Designer Katja Ulbert traveled from Berlin, Germany, to “the jungle,” a migrant encampment in Calais, France, to map the constantly evolving landscape. In a makeshift library beneath a tin roof and behind a painted canvas reading “Jungle Books,” she worked with migrants to plot their paths to the camp with Post-it notes, pencils, and giant prints of countries and borders.
Maps provide the people who live in informal settlements, often for longer than they had envisioned, with tools to track down the resources they need, from doctors to Wi-Fi to mosques. And they enable humanitarian responders to provide recovery and relief.
There are a growing number of ways to apply cartography to humanitarian and development missions. While some organizations develop new technology and launch new platforms, others are going back to basics, using pencil and paper. Devex spoke with a range of experts who said the global development community can do more to leverage both high and low tech solutions to put more people and places on the map.
“If you’re not on a map, you just simply don’t exist in many senses,” Tyler Radford, executive director of the nonprofit humanitarian organization Humanitarian OpenStreetMap Team, told Devex. “Having tens of thousands or hundreds of thousands of people just appear as a dot with no level of detail beyond that continues this marginalization of people all over the world who are living in the shadows.”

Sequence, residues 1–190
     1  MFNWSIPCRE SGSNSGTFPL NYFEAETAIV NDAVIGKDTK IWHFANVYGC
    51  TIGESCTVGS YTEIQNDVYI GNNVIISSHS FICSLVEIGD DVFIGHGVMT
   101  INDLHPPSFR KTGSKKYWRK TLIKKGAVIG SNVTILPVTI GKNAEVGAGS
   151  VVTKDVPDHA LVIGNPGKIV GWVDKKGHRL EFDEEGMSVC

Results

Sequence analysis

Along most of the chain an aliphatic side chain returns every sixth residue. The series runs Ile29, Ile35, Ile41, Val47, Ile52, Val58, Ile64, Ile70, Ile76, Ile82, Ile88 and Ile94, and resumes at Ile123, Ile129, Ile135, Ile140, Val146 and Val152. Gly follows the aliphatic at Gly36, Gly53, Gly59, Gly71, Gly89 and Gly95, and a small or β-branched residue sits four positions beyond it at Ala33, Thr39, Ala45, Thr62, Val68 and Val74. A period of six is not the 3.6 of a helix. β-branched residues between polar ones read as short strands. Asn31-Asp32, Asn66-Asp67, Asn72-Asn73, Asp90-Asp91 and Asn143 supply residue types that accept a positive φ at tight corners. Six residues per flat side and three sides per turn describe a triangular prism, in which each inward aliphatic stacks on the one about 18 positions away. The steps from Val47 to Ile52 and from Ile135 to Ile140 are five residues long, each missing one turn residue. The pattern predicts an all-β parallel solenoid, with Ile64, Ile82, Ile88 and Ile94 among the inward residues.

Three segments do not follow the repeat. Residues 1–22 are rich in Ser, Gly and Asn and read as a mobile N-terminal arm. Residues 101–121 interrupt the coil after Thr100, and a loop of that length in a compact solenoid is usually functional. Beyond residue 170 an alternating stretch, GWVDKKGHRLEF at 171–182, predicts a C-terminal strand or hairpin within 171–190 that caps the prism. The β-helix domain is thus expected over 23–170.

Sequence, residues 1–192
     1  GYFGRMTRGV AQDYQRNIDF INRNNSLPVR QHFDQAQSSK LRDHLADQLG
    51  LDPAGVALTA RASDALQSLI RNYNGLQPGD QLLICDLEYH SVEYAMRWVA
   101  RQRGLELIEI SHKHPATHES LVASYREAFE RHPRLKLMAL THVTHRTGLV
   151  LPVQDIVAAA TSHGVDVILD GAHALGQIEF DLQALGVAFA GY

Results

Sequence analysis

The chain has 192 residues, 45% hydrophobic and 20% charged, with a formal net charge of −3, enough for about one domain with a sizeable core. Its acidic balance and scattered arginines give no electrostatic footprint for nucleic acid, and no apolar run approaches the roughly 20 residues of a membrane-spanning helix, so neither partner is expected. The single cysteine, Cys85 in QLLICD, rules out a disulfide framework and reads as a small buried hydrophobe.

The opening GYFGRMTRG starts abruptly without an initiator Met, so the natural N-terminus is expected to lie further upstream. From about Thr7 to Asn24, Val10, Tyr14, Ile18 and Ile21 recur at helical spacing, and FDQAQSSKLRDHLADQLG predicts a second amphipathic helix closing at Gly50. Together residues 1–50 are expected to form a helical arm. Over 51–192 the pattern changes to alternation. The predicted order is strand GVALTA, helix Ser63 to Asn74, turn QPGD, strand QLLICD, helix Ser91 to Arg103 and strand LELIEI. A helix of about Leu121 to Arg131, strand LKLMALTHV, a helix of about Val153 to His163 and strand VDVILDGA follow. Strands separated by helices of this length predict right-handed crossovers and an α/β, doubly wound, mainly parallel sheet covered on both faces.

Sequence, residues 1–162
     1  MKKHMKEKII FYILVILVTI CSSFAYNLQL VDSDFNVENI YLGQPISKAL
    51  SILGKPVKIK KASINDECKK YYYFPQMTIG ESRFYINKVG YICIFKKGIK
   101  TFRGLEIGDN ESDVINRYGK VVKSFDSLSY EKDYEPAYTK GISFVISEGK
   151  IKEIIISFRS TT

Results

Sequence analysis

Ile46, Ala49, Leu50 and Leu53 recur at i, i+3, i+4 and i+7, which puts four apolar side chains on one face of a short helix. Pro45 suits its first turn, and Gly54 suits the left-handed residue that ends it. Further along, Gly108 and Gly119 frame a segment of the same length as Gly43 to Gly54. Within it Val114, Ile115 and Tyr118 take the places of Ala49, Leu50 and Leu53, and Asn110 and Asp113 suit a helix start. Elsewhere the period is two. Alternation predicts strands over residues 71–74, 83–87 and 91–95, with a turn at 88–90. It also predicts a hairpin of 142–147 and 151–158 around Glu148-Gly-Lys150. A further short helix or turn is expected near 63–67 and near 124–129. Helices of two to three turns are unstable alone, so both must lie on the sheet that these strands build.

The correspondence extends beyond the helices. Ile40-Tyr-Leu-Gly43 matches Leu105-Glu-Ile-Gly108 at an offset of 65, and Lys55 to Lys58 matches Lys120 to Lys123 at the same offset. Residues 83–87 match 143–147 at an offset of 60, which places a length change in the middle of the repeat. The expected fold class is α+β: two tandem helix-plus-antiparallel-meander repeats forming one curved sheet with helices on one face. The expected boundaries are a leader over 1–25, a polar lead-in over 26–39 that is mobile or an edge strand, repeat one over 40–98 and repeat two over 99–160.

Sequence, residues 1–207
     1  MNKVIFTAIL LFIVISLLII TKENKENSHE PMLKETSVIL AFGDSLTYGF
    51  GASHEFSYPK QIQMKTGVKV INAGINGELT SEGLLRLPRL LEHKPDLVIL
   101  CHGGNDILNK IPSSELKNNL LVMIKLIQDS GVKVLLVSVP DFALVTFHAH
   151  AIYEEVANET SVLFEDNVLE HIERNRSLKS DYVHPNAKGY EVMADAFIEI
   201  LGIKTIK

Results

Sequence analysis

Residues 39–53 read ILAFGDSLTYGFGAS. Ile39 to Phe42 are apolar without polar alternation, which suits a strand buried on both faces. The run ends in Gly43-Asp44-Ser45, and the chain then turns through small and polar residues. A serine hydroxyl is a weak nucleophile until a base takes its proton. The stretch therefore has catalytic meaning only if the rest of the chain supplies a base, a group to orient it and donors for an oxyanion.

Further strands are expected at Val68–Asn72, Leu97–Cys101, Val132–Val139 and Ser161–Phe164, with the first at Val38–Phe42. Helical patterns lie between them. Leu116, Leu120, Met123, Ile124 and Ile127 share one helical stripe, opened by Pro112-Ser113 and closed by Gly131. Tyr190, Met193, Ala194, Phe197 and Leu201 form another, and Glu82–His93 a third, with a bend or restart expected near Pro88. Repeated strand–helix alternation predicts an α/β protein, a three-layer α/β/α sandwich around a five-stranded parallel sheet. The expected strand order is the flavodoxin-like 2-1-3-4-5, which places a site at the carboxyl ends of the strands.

In the aftermath of the 2010 earthquake in Port-au-Prince, Haiti, an unprecedented number of volunteers headed to OpenStreetMap, a Wikipedia for maps, to add new data. The impact of the effort now extends beyond crisis response, with humanitarian organizations relying on crowdsourced maps to respond to a wide range of needs at the local level. The movement includes remote mappers who work from behind their computer screens, as well as field workers who teach others how to put themselves on the map for the first time.
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The most vulnerable places in the world that have the most urgent need for updated maps also tend to be places where commercial services like Google Maps see little economic incentive to operate. Volunteers like Ulbert contribute to crowdsourced maps of the world to make sure everyone from migrants in the jungle to people in the urban slums of Dar es Salaam, Tanzania, are represented.
Launched in 2004, OpenStreetMap offered more than a free editable map of the globe. It inspired a movement of cartographer volunteers and a number of spinoffs.
Stamen Design in San Francisco, California, launched Field Papers in 2007, a project that allows people to print paper atlases from OpenStreetMap. They can annotate these maps by hand, take pictures of them, then upload them to update OpenStreetMap or other digital maps.
Field Papers is used worldwide for community mapping, by organizations including the World Bank, the U.S. Agency for International Development, and now, Missing Maps. This project by the Humanitarian OpenStreetMap Team, the British Red Cross and American Red Cross, and Doctors Without Borders enables remote volunteers to trace satellite imagery then print those maps for community volunteers who can add the local detail humanitarian organizations need to respond effectively.
“What Field Papers has done on a scale that was unanticipated is lower the threshold of participation in online cloud mapping,” said Seth Fitzsimmons, director of technology at Stamen.